Tuesday, December 6, 2011

Family Traditions

It's been a weekend for strolling down memory lane.  At Church on Sunday the boys found out they would be Who's in Whoville! They are so excited to get to bring in their Ukulele and Keyboard (Thanks Nanna- we have finally found a place to use these!) and come into the play making NOISE, NOISE, NOISE, NOISE!

Oh, come on! Tell me you don't know the story of How the Grinch Stole Christmas by heart also?
Were we the only family who put on a puppet show every year at Christmas? What? We were? Oh, well let me fill you in.

It seems that some where along the line in my Big Fat American Family we stumbled into a tradition of putting on a puppet show every year at the family Christmas party.  It comes as no surprise to me now that I have two children of my own when I think that there where at most times 20 children running a muck through someones house.

The idea I think sprang from my Uncle Chris who's the self proclaimed "Wild and Crazy Guy!" and my mother the former teacher.  (and total follower you can talk her into anything)  They soon had all 20 of us scrambling through the house looking for puppets, stuffed animals, sleds, props, and of course -Noisemakers.  We would then all crouch behind a bar and act out the story while Uncle Chris or Aunt Barbe narrated and all the other adults watched (and drank I think).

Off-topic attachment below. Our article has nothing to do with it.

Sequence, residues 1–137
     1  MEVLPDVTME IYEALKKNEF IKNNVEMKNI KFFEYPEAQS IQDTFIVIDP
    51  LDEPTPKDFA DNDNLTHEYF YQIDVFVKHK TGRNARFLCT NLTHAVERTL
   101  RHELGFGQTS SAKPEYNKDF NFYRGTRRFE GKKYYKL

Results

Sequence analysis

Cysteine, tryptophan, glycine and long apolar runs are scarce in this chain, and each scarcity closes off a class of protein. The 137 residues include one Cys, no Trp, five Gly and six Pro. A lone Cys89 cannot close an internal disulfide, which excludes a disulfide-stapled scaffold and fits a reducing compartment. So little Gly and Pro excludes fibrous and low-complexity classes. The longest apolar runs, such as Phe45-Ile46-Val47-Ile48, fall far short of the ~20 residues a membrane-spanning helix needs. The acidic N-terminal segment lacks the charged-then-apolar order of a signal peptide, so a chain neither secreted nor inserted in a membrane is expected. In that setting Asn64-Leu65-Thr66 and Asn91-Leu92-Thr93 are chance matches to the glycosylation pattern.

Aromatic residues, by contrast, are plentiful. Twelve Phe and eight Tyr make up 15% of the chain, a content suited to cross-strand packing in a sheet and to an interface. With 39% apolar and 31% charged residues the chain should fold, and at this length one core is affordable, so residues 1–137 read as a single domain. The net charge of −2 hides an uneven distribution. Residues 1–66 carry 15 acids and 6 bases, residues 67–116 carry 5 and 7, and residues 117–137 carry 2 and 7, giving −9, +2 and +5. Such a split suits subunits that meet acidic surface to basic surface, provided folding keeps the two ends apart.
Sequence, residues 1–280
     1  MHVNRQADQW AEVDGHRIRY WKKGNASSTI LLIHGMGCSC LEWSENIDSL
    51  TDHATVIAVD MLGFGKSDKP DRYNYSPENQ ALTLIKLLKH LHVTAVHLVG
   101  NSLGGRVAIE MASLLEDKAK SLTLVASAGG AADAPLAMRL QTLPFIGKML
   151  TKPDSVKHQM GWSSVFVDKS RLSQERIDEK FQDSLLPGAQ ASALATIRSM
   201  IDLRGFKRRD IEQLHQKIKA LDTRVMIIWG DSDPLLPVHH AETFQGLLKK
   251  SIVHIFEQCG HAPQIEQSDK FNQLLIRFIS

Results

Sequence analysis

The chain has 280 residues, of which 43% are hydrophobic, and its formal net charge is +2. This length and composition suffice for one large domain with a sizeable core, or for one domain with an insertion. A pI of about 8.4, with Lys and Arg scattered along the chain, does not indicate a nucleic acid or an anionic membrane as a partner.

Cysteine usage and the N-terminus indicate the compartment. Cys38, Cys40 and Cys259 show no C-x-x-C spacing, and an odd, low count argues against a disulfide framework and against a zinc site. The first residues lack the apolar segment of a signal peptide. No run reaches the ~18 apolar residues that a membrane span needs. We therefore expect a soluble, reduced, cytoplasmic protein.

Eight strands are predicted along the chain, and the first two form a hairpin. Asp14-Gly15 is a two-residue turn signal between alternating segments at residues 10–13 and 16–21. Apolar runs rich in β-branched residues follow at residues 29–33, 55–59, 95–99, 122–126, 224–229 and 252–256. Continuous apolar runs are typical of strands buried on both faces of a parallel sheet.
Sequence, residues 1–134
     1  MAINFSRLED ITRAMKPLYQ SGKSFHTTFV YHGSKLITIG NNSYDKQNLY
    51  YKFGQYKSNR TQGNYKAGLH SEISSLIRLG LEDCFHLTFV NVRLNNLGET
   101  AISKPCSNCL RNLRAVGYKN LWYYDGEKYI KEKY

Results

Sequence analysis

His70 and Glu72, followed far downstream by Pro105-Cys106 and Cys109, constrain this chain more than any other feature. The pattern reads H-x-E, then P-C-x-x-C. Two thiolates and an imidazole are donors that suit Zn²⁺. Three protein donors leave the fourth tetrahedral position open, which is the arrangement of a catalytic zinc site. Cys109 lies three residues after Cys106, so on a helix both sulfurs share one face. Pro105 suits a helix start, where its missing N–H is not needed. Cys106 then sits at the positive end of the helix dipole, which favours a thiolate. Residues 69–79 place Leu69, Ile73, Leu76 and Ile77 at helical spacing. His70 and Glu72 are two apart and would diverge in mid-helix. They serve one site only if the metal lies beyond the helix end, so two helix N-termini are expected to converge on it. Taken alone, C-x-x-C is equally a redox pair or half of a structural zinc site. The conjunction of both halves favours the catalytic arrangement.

Now I know as my family reads this they are already giggling, maybe even belly laughing as they recall some of these "plays".  This was not a one time thing, this became a production on the grandest scale.  Every family contributing to the puppets and props as it grew large enough for it's own dedicated plastic Christmas tub .  We had an actual Grinch doll, a Ms. Piggy puppet for Cindy Lou Who (which was the funniest because it was a HUGE puppet for that supposedly tiny character), and we had some sort of brown animal puppet with twigs tied to it's head for Max.

The noisemakers where the best part and as you can imagine 20 children when told to "make a lot of noise" can bring the house the down.  That we did.  I don't know what it must have been like from the audience, because even though I did move on by age 12 and give up my space behind the bar to younger cousins, let's face it I was a teenager.  I was looking at it through the judgemental hormonal selfish eyes of a teen.

I can't wait to sit in the audience in a few weeks and watch my boys come traipsing into church making NOISE, NOISE, NOISE, NOISE.  It will just be hard not to critique the director's performance, because nothing will ever take the place of those years in the basement crouched behind the bar.

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